Along with renovations and rent hikes, threats to affordability include high demand because of population and job growth, a shift toward renting since the Great Recession, rents rising faster than incomes and low vacancy rates.
But preserving affordable housing is usually both cheaper and easier than building new.
“The sale of a building can trigger significant precarity for renters,” said King. “Residents can reach out to us when help is needed or connect through community organizing groups. We’re not speculatively looking for opportunities, we’re looking to support residents where the help is needed.”
Solutions at scale
Like other big cities, Atlanta sees its fair share of displacement. City Councilman Andre Dickens has become a leader helping fight back, establishing a $40 million housing opportunity bond and boosting inclusionary zoning.
A housing opportunity bond provides low-interest loans to developers in order to finance buying, building or renovating affordable apartments. Inclusionary zoning requires developers to designate a percentage of any new housing to people with low or moderate incomes.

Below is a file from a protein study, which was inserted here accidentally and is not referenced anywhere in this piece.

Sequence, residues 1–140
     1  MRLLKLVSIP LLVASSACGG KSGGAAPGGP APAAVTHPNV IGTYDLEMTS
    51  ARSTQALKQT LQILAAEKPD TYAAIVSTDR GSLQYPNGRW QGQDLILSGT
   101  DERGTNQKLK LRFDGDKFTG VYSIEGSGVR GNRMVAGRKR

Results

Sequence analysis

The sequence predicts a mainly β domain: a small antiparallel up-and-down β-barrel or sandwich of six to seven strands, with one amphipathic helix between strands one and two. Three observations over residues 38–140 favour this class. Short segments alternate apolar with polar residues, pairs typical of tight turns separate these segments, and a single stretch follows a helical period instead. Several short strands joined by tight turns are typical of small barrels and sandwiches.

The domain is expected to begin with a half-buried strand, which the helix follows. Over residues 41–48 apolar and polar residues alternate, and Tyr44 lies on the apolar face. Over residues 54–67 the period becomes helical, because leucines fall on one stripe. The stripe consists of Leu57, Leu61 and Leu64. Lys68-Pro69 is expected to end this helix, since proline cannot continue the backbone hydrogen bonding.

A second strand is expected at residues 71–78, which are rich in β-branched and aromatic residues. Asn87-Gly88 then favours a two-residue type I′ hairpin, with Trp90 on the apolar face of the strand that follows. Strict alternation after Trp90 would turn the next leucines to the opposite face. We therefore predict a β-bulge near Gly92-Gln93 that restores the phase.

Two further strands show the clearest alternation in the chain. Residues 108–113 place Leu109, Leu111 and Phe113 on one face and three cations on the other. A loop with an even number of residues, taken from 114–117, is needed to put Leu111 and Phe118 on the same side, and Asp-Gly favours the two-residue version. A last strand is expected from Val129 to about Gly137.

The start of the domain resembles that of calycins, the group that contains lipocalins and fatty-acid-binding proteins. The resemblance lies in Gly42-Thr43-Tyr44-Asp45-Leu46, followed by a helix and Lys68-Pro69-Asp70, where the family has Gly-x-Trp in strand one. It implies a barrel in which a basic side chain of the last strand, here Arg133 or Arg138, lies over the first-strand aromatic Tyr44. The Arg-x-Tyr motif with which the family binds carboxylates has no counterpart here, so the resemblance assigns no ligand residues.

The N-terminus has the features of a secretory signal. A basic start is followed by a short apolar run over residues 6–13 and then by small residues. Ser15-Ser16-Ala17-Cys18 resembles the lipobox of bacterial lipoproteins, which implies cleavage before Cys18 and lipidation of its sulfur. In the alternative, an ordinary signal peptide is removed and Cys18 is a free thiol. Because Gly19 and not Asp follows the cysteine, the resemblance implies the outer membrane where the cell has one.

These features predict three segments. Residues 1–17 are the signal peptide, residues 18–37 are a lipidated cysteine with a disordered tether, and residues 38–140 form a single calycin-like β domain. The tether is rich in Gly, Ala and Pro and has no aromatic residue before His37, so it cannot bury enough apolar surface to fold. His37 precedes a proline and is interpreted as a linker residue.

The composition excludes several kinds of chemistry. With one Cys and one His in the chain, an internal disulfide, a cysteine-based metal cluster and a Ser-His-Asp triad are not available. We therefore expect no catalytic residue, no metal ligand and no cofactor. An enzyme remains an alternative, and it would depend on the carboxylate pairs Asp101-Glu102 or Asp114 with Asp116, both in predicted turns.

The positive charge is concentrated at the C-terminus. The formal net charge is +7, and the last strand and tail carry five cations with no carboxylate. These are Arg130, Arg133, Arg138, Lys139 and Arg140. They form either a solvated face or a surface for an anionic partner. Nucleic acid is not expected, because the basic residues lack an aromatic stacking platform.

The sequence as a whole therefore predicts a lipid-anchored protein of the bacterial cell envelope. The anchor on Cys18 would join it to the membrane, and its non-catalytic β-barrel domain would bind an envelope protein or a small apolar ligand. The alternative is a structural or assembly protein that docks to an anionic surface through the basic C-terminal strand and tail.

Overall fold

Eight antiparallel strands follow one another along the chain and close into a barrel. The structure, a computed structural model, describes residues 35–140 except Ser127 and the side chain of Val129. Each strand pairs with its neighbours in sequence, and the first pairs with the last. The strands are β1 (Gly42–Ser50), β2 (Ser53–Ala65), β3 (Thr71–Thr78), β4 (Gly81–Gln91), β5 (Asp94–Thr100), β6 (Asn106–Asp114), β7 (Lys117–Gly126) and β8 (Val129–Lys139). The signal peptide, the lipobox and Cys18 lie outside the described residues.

Dickens sees NOAH threatened across the region, and said landlords get no choice when property values — and thus taxes — rise. Maintenance costs and upkeep also climb, with costs typically passed to tenants.
“What’s affordable today may not be affordable tomorrow,” he said. “We have neighborhoods that saw 30 or 40 percent property value increases within the past five years. What does the landlord do? What can a landlord do?”
Dickens’s ideas include property tax freezes, tax abatements in exchange for affordable units, low-interest loans for functional upgrades, government subsidies and zoning tweaks. Another option is rebuilding burned-out or otherwise destroyed units abutting occupied homes. Support for rent control laws is also growing, and Freddie Mac tends to offer favorable loan terms to buyers of workforce housing in order to keep it affordable.